When disagreements persist despite lengthy good-faith communication, it may not just be about factual disagreements – it could be due to people operating in entirely different frames — different ways of seeing, thinking and/or communicating.

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An example of an elicitation failure: GPT-4o 'knows' what ASCII is being written, but cannot verbalize in tokens. https://chatgpt.com/share/fa88de2b-e854-45f0-8837-a847b01334eb 4o fails to verbalize even given a length 25 sequence of examples (i.e. 25-shot prompt) https://chatgpt.com/share/ca9bba0f-c92c-42a1-921c-d34ebe0e5cc5
Nvidia just low-key released its own 340B parameter model. For those of you worried about the releasing of model weights becoming the norm, this will probably aggravate your fears. Here is the link: https://research.nvidia.com/publication/2024-06_nemotron-4-340b Oh, and they also released their synthetic data generation pipeline: https://blogs.nvidia.com/blog/nemotron-4-synthetic-data-generation-llm-training/
Someone should make a post for the case "we live in a cosmic comedy," with regards to all the developments in AI and AI safety. I think there's plenty of evidence for this thesis, and exploring it in detail can be an interesting and carthartic experience.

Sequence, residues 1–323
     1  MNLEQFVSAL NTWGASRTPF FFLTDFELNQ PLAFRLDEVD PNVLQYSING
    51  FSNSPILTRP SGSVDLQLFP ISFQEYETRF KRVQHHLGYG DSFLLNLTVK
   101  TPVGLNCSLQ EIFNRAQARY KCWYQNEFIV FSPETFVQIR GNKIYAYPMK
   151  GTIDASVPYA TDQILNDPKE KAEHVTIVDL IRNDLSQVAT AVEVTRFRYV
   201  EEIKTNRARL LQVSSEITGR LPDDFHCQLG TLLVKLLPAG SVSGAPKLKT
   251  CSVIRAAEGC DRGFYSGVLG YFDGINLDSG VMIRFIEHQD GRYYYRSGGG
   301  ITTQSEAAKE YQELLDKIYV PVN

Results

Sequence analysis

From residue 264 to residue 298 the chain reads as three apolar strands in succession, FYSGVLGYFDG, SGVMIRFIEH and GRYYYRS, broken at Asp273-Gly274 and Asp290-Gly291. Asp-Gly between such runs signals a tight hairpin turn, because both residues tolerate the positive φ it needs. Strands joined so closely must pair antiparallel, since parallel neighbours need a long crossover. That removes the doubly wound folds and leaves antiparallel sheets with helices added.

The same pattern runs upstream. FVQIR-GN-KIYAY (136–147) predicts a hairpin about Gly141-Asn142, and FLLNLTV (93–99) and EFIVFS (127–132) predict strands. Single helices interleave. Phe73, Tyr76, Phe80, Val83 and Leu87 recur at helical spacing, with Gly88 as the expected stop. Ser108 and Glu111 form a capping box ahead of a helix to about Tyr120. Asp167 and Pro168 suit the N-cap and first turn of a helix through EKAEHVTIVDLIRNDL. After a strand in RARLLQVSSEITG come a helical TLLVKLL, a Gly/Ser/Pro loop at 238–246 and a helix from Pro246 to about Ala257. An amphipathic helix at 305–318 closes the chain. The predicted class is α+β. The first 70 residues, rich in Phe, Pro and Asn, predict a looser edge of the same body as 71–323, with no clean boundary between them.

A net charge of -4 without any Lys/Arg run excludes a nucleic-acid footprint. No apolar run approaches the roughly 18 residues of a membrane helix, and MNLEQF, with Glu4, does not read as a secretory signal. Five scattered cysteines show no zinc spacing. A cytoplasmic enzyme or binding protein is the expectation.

Some opinions about AI and epistemology: 1. One reasons that many rationalists have such strong views about AI is that they are wrong about epistemology. Specifically, bayesian rationalism is a bad way to think about complex issues.  2. A better approach is meta-rationality. To summarize one guiding principle of (my version of) meta-rationality in a single sentence: if something doesn't make sense in the context of group rationality, it probably doesn't make sense in the context of individual rationality either. 3. For example: there's no privileged way to combine many people's opinions into a single credence. You can average them, but that loses a lot of information. Or you can get them to bet on a prediction market, but that depends on a lot on details of the individuals' betting strategies. The group might settle on a number to help with planning and communication, but it's only a lossy summary of many different beliefs and models. Similarly, we should think of individuals' credences as lossy summaries of different opinions from different underlying models that they have. 4. How does this apply to AI? Suppose we each think of ourselves as containing many different subagents that focus on understanding the world in different ways - e.g. studying different disciplines, using different styles of reasoning, etc. The subagent that thinks about AI from first principles might come to a very strong opinion. But this doesn't mean that the other subagents should fully defer to it (just as having one very confident expert in a room of humans shouldn't cause all the other humans to elect them as the dictator). E.g. maybe there's an economics subagent who will remain skeptical unless the AI arguments can be formulated in ways that are consistent with their knowledge of economics, or the AI subagent can provide evidence that is legible even to those other subagents (e.g. advance predictions). 5. In my debate with Eliezer, he didn't seem to appreciate the importance of advance predictions; I think the frame of "highly opinionated subagents should convince other subagents to trust them, rather than just seizing power" is an important aspect of what he's missing. I think of rationalism as trying to form a single fully-consistent world-model; this has many of the same pitfalls as a country which tries to get everyone to agree on a single ideology. Even when that ideology is broadly correct, you'll lose a bunch of useful heuristics and intuitions that help actually get stuff done, because ideological conformity is prioritized. 6. This perspective helps frame the debate about what our "base rate" for AI doom should be. I've been in a number of arguments that go roughly like (edited for clarity): Me: "Credences above 90% doom can't be justified given our current state of knowledge" Them: "But this is an isolated demand for rigor, because you're fine with people claiming that there's a 90% chance we survive. You're assuming that survival is the default, I'm assuming that doom is the default; these are symmetrical positions." But in fact there's no one base rate; instead, different subagents with different domains of knowledge will have different base rates. That will push P(doom) lower because most frames from most disciplines, and most styles of reasoning, don't predict doom. That's where the asymmetry which makes 90% doom a much stronger prediction than 90% survival comes from. 7. This perspective is broadly aligned with a bunch of stuff that Scott Garrabrant and Abram Demski have written about (e.g. geometric rationality, Garrabrant induction). I don't think the ways I'm applying it to AI risk debates straightforwardly falls out of their more technical ideas; but I do expect that more progress on agent foundations will make it easier to articulate ideas like the ones above.